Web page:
Many of us who deployed to Afghanistan and Iraq found ourselves learning important lessons on the ground, adapting to situations our training couldn’t have anticipated, and teaching new knowledge to others within our organization in any way we could–because what we learned, often through hard lessons, made us more effective at accomplishing our mission. But. Our organizations weren’t always receptive to our learning and adaptation.
I’ve personally found that even if the lessons we junior officers and NCOs learn on the ground are reflected in the directives coming from high-level commanders, it often seemed that mid-level commanders had full discretion on whether those lessons–which many of us knew as pathways to avoiding problems and achieving success–would be treated seriously or not. Maybe it was because these middle-aged commanders were steeped in an age that trained against a different enemy, a war for different times. Maybe they were too disconnected from what their junior troops were experiencing and learning on the ground. Maybe they were too proud to accept that the men and women serving under them might understand how to achieve mission success better than they do. Or maybe they were too risk-averse to give credence to anything new or unfamiliar. Whatever the case, our military organizations too often resist needed change and adaptation.
Add to this that our corps of junior officers and NCOs are the best educated and likely the most talented we’ve seen in our nation’s military history, yet too often their ability to contribute their knowledge and talent is starkly limited by their rank and a byzantine personnel management system that offers no opportunities for merit-based progression. Plus any number of areas in which our nation’s largest institution has lagged, atrophied, or become unwieldy or less effective. Is our military developing and keeping its best talent? Is it fully absorbing the lessons of Afghanistan and Iraq to position itself for the unknowns of future conflicts? For all that we are spending on defense, are our military personnel fully empowered to deliver the quality of national defense needed to keep our nation and allies safe and strong?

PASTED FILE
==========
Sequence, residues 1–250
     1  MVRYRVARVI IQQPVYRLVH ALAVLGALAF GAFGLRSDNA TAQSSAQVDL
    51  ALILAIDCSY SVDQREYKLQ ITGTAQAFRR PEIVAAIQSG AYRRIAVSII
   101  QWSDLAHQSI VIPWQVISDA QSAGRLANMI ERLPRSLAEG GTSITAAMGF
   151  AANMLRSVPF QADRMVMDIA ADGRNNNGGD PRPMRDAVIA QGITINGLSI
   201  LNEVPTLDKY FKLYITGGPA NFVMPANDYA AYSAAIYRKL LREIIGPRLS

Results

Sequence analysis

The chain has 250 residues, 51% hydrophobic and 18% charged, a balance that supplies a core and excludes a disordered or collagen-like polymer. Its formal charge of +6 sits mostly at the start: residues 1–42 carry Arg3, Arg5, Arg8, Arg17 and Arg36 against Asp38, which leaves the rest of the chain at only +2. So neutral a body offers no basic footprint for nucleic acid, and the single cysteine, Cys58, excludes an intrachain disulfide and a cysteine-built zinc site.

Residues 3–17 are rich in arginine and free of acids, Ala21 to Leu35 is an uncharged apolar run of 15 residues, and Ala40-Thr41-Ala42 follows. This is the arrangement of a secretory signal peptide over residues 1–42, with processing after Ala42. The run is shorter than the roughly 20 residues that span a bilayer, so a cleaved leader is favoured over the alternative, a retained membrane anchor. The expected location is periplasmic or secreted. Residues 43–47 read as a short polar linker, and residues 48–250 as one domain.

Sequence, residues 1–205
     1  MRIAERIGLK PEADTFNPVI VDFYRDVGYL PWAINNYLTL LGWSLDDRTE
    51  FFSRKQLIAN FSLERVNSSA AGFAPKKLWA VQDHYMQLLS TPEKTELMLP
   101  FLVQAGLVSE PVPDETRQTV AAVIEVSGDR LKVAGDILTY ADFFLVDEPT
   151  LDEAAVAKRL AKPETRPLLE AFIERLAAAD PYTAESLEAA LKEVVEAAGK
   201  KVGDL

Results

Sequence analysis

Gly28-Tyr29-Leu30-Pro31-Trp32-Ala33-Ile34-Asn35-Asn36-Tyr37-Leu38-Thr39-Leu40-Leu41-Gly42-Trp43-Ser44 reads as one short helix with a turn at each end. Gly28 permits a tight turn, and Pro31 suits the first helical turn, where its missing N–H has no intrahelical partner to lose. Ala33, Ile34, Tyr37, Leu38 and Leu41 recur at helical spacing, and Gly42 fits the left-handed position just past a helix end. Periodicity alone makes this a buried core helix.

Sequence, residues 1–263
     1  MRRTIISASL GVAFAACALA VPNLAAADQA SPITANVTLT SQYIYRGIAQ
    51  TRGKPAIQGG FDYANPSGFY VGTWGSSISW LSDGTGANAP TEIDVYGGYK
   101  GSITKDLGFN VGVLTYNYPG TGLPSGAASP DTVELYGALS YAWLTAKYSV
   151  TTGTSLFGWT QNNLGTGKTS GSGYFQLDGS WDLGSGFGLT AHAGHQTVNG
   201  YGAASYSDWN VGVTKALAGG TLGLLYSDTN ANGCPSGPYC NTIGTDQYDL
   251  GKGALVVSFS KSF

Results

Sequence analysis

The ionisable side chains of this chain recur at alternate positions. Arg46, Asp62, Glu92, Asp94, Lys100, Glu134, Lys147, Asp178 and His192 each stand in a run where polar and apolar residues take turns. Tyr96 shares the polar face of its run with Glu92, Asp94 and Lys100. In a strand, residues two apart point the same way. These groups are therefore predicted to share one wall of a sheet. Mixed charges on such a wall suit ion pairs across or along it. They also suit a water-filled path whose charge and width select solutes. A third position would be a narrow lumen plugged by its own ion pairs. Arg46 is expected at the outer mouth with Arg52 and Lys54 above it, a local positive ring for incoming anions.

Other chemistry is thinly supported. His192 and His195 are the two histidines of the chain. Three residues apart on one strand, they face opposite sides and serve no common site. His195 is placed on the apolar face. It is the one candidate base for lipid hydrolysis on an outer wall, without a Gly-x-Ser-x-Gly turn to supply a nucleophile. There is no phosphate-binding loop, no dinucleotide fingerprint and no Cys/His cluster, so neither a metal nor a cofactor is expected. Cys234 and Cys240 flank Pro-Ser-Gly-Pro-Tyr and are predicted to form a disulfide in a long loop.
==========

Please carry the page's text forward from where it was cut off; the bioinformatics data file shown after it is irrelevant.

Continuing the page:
Our military strength matters, and, like any other part of our government, it is only as good as the sincerity and creativity of the efforts we invest in it. When I first read about the Defense Entrepreneurs Forum in Thomas Ricks’s blog on Foreign Policy earlier this year, I was encouraged that others were coming together to put some serious thought and energy towards working within the system to make our military better. When a contact suggested that I attend the DEF Conference in Chicago–I realized that I couldn’t miss an opportunity to channel my frustrations toward something that may have profound, positive results.
What happens when you gather together military leaders, veterans, and defense professionals (of diverse political persuasions) who are passionate about making our military stronger and more effective? You have amazing ideas, an array of potential solutions, and enough “grit” to ensure that positive change will result. The conference is happening this weekend (October 12-14), and you can tune in live (or watch recorded sessions) by clicking HERE and following along on Twitter using the hashtag #DEF2013. Join us!